Cherry table

MontyJ — 227 posts and 10 followers in

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Monty, that really turned out nice. Love the curved drawer front and dovetails!

A very nice table I must say. Love the finish.

-- Tor and Odin are the greatest of gods.

Love the finish and the curved drawer front. Very well done!

Thanks folks, but I have to be honest with myself here. I am happy with the structural work. Sure there are a few mistakes, but nothing I can’t live with for now. Some questions I have:

1. The wife totally balked at breadboard ends. How will that affect the life of the top?

2. The router really ticked me off. It seemed to hang in certain spots around the top and burned the wood. Why does it do that? And how do you get rid of the burn marks? Sanding to remove the burns alters the shape of the edge.

3. WHY is the finish blotchy looking on the top? It looks like CRAP. The aprons came out beautiful, but that top looks like my grand daughter finger painted the dang thing.

4. Before I stained it, I checked to make sure I had sanded away any glue residue. It sure looked good to me…right up until I applied the stain. There are a couple of places on the legs, just below the lower front apron, that sure look like glue marks to me. How can I tell if the glue is really gone? In the future I have resolved to keep a damp rag and bucket of water handy to immediately clean away any squeeze out, but what if I miss some? I sure couldn’t see it there.

Of course the wife thinks it’s the most beautiful thing she’s ever seen, but she’s biased. This is only my second project, but I feel like I let myself down.

-- Where are the band-aids?---Pro Libertate!

first it came out great.

I wipe with mineral spirit to spot the glue residue and sand.

beware I am bad at finishing, really bad.
Blotching is due to uneven penetration of the stain or finish.
I was told to either thin the finish to 10% or so, apply that, let it dry then apply your stain/finish or use sanding sealer as the base.

-- Abbas, Castro Valley, CA

Thanks for the tip about the mineral spirits. That, along with wiping away the squeeze out, should solve the glue problem. The more I look at the top, the more I think it’s the wipe on poly that’s blotchy. If you look at the picture of the table top, you can see it. I’m wondering if I didn’t keep enough on the rag. I have some scraps in the shop so I think I’ll experiment and practice some. If I can figure out exactly what went wrong, I’ll sand down the top and try again.
Overall, I’m tickled pink with how the table came out structurally. There were a lot of firsts for me such as mortise and tenon joinery, gluing up the panel for the table top, using a hand plane to curve the drawer front and table top, wooden drawer runners, guides and kickers, and tapering the legs. I tried hand cut dovetails previously during the sewing box project and failed miserably, but this time they are functional enough for a drawer.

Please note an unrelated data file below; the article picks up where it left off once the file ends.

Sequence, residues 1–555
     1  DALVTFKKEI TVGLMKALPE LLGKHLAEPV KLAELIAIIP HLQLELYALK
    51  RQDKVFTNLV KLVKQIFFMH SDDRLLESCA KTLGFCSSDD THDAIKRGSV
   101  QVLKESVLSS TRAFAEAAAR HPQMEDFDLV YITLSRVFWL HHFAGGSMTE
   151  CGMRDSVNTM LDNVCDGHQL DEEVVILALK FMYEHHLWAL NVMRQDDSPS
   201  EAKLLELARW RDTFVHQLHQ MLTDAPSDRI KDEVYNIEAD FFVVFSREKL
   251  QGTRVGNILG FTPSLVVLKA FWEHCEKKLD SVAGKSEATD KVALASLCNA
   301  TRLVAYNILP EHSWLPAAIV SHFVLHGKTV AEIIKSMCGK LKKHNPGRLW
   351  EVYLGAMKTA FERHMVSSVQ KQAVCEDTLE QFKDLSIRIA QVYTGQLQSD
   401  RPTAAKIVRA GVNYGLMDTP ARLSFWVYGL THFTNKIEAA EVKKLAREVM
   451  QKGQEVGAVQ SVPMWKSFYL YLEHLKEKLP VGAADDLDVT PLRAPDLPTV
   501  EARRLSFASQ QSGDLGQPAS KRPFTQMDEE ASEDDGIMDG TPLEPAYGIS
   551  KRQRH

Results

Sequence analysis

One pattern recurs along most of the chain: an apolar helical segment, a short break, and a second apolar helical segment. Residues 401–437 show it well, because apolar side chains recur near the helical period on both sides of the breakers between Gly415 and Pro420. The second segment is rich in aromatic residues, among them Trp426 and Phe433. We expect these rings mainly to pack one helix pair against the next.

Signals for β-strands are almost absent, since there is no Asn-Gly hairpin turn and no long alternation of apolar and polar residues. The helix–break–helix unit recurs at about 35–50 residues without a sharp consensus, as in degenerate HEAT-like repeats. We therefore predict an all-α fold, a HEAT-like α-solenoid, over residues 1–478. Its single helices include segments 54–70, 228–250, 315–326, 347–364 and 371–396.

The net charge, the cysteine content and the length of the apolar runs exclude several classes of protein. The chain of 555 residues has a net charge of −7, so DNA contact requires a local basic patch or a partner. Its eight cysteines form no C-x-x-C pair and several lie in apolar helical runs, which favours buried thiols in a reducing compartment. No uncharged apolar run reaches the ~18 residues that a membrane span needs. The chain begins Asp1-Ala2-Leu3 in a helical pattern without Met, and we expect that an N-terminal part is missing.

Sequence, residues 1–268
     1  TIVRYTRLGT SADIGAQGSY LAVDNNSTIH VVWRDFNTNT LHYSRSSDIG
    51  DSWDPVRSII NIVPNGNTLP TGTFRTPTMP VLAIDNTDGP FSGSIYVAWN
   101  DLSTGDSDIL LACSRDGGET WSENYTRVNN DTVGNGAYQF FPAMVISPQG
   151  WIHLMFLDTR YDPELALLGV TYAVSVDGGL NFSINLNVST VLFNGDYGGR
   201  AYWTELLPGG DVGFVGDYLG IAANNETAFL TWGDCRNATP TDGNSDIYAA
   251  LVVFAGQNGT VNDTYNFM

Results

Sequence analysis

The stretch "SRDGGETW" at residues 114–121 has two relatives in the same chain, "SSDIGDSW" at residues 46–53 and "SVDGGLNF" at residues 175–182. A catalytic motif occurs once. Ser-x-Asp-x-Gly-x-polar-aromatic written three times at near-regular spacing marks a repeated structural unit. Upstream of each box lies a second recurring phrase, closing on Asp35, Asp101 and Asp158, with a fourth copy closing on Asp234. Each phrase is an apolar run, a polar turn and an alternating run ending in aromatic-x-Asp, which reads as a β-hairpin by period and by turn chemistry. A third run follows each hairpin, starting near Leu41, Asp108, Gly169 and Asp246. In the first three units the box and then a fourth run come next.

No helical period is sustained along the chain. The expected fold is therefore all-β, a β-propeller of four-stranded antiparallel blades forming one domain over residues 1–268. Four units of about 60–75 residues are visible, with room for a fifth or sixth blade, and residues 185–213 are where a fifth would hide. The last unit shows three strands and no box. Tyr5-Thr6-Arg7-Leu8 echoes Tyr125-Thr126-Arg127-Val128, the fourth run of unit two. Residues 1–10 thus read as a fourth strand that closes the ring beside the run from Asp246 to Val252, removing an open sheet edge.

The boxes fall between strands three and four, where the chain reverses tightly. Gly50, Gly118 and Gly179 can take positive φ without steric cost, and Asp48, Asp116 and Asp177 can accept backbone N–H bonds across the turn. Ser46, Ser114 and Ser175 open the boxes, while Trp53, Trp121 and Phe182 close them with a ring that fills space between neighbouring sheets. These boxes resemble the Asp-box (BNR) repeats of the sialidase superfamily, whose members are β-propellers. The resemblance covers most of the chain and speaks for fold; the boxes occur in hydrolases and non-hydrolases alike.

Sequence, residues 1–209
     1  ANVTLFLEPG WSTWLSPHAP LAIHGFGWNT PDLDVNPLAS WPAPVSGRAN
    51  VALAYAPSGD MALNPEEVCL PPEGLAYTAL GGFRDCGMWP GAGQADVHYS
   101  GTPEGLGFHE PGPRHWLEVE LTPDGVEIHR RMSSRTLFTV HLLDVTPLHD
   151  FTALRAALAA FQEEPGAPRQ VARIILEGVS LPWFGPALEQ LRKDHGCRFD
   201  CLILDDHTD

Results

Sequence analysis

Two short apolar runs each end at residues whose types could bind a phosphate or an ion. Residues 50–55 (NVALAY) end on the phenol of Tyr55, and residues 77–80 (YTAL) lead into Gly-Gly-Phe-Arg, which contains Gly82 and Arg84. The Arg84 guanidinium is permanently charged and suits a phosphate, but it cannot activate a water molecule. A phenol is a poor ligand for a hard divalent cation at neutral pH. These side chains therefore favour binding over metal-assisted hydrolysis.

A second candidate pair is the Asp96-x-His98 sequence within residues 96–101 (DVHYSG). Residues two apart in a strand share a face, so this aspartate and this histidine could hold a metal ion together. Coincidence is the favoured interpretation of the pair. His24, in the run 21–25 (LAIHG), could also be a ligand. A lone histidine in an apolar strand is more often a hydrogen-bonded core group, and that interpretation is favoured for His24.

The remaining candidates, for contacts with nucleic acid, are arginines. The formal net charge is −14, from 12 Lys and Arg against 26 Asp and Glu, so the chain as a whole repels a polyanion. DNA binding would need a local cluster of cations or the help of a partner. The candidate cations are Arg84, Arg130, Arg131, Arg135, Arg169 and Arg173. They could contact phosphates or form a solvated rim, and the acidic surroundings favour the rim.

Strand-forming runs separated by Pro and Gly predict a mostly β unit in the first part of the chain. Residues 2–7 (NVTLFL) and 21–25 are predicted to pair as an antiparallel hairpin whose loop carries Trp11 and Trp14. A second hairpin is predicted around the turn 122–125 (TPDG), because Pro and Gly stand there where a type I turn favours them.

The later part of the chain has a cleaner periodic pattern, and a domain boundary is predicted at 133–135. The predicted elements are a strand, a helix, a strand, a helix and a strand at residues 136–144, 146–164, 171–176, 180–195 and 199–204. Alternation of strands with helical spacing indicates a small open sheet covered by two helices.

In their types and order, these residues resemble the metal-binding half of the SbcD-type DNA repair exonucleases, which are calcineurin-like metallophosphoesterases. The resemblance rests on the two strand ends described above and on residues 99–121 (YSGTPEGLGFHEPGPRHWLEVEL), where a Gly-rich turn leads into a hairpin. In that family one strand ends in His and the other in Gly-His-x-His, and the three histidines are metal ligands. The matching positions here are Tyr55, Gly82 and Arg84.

-- Where are the band-aids?---Pro Libertate!

Very nice! I love it!

-- HorizontalMike

I sanded down my octagonal table about 5 times, then I got fed up and kept the last try on.

Could it be you wipe on poly is getting thicker so you have more drag?

The table came out really well. You do pay attention to details.

-- Abbas, Castro Valley, CA

When routing it seems important to make shallow passes and move fast enough to avoid burning. The last pass should be very shallow and fast thus removing its own burn marks. Different types of wood seem to burn differently, so doing test pieces might help get the right speed.

If routing by hand, it’s usual to go counter-clockwise around the outer edge. If the surface is curved, the router can bite into grain and cause deformed edges. You might have to route in one direction on one part of the curve and in the other direction on the other side of the curve. It’s tricky.

A spokeshave can easily and safely and quietly and smoothly round over edges. And it’s easier to determine direction of the grain.

Hope this helps.

Good job! This is a very nice piece.
Cherry is notoriously fussy. The stain will almost always come out blotchy, the best cure is sand it to at least 220, then a 50/50 mix of dewaxed shellac and denatured alcohol. This will seal the pores in the wood and make the stain a little lighter but the color will be even. As far as burn marks, Richforever has some great tips, but it sounds like your bit is dull. Take it to get sharpened or buy a new one. Don’t skimp on the bits! Buy the best ones you can find.

A simple cherry table for the wife to set her sewing box on. It includes a drawer large enough to hold her cutting mats. The curves were cut with a hand plane and came out better than I thought they would. The dovetails are hand cut and are far from perfect, but are holding nicely. The finish is colonial maple for 70 seconds followed by three coats of satin wipe on poly.

I’m off to work now, but will have a few questions later.

-- Where are the band-aids?---Pro Libertate!


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